3 Ways A PowerPoint Presentation Can Kill a Sale
Posted by Adam Wiggins on HubSpot Blog
You have an amazing product, packed with great features and benefits. You have a potential client, ready and waiting to hear all about it. You prepare what you think will be a sure fire sales presentation — a PowerPoint packed with data points outlining how your product is the best.
There’s only one problem. No one is listening.
You think PowerPoint can only enhance a sales presentation? Think again. Here are three ways a visual aid can actually kill a deal.
1) Too many slides.
It happens to the best of us — an overdose of enthusiasm. You have so much information to share, and you’re dying to get it all out.
However, once you start designing your sales presentation and adding all the pertinent information, you end up with way too many slides. And too many slides will put your audience to sleep. They are not expecting a novel, and they do not want a novel.
How many is too many? Here’s a handy benchmark: If you have more than one slide per minute of your presentation, it’s time to go back to the drawing board and edit it down.
2) Too much information.
Complex lists, tables, and paragraphs of information should not be presented via PowerPoint. This overload of facts and figures will bore your audience instead of engaging them.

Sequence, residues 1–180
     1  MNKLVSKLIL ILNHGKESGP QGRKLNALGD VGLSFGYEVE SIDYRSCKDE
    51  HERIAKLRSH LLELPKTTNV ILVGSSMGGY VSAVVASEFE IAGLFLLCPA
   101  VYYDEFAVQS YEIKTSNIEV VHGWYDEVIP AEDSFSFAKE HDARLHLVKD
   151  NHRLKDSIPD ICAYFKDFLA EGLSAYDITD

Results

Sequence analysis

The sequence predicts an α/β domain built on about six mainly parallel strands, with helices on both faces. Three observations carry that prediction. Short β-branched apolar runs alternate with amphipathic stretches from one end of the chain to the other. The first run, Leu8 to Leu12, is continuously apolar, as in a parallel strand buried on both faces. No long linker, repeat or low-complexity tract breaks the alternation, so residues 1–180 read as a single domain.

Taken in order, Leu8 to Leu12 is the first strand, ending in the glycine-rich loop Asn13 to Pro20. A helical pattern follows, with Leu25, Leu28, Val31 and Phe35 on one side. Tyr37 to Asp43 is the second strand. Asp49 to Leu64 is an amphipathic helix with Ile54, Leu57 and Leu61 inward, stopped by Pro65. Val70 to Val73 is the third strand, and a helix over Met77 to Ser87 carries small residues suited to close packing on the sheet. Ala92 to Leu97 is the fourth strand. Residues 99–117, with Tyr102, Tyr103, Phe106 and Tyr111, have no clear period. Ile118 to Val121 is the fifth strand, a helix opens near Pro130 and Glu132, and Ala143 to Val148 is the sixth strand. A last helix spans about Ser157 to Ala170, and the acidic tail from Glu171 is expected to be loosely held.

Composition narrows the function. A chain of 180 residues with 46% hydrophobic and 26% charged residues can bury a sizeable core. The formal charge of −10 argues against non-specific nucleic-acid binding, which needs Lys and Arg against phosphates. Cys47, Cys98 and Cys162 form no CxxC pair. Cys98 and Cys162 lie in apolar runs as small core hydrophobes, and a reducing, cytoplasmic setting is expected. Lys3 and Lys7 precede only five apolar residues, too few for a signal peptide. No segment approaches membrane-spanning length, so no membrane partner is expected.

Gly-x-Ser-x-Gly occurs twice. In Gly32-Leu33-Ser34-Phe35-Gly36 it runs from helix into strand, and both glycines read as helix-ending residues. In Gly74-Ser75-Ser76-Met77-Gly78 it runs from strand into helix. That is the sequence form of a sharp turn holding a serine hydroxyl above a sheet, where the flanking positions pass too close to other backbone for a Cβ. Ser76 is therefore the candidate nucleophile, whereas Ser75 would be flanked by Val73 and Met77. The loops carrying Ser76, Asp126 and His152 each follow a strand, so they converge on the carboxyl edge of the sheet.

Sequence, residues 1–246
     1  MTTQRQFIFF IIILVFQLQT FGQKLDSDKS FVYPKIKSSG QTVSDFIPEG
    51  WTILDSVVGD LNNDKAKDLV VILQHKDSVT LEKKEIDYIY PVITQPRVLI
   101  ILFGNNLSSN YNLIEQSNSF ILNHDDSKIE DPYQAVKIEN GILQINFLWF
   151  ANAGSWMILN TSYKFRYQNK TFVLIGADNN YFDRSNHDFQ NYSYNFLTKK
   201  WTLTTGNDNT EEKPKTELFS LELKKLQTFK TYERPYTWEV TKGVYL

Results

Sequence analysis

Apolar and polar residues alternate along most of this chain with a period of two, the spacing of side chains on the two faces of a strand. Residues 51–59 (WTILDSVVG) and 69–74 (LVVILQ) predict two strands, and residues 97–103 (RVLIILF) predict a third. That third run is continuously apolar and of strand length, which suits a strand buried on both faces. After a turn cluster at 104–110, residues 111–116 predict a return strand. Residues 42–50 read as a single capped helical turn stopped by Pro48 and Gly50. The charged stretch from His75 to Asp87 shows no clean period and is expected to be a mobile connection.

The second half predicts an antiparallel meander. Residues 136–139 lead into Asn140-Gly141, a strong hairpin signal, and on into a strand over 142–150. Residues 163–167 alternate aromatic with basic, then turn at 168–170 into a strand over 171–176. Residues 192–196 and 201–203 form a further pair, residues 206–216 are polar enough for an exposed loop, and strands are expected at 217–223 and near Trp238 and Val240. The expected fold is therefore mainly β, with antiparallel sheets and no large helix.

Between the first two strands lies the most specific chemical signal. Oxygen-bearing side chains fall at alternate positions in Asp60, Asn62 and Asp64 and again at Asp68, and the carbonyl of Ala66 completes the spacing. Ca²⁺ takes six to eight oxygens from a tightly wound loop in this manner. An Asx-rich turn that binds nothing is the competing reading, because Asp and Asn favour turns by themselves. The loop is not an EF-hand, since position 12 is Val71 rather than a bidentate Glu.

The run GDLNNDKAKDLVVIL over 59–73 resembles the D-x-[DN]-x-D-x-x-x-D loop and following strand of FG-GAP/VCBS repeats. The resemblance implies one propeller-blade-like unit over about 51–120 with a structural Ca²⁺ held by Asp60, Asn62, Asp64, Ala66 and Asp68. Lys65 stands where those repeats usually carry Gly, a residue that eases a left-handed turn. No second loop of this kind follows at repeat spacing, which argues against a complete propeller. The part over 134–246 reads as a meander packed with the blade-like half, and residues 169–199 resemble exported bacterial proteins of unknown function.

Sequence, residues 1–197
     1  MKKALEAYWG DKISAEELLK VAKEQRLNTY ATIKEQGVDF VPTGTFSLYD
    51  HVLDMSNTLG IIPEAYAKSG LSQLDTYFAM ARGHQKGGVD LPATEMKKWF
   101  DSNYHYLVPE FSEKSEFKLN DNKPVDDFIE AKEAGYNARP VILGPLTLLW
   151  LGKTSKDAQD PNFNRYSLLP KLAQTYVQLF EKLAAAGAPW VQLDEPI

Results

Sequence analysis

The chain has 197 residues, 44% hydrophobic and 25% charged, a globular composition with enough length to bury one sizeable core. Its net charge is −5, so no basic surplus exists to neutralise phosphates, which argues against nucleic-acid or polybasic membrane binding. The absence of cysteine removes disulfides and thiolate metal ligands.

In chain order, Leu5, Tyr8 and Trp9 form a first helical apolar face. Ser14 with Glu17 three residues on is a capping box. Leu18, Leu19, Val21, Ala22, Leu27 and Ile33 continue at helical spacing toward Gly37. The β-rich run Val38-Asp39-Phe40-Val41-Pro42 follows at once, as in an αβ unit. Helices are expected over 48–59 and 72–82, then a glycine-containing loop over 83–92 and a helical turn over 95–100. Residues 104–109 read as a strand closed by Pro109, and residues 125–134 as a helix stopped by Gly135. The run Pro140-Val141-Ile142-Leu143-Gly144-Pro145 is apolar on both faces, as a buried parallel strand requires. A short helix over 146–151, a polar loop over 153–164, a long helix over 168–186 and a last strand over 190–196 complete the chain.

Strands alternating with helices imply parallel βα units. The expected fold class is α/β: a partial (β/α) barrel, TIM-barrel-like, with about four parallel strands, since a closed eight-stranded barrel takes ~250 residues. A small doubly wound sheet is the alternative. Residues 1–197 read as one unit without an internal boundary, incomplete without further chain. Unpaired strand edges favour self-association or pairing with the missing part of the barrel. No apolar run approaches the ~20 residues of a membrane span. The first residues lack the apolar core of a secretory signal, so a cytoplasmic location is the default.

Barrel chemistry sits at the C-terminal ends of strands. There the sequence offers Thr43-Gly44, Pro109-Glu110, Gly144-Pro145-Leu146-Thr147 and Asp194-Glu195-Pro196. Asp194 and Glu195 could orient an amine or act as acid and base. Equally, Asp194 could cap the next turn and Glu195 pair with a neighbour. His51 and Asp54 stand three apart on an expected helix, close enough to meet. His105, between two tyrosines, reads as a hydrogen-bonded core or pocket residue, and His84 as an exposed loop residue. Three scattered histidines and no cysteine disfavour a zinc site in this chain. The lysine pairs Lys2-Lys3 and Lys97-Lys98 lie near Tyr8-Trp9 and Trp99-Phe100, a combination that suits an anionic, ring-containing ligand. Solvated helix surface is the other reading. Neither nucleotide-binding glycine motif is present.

There are some schools of thought that advocate for no text on PowerPoint slides at all. Using only an image, you as the presenter are better able to tell a story and hit the emotional high points.
Slides should support what you are trying to say, not be all that you’re saying. With image-only slides, or at least slides with minimal text, the audience can listen to you, rather than read the copy. This enables them to better pay attention to and understand your sales pitch.
If there is more information the audience needs to know, give them a one page print-out with key information after the presentation. Then no one is distracted during your pitch.
3) No conversation.
The biggest problem with relying too heavily on PowerPoint for your sales presentation is that it stops the conversation. A lot of slides with a lot of information means the presenter needs to talk a lot. And this means they are not talking with the audience.
Being talked at instead of engaging in a meaningful, valuable conversation is not fun for anyone. Your audience would like to ask questions, tell you what their issues are, and probe into exactly how your product can help them. A wordy presentation affords no allowance for conversation.
While slides can help support what you are saying and build a compelling story, they have to be designed and used correctly. Overwhelming people with PowerPoint puts a barrier between you and the audience, and this is not helpful in the sales process.
Remember whom you are speaking to, and how you’re proposing to solve their problem. Stick to this idea, and your sales presentations will benefit.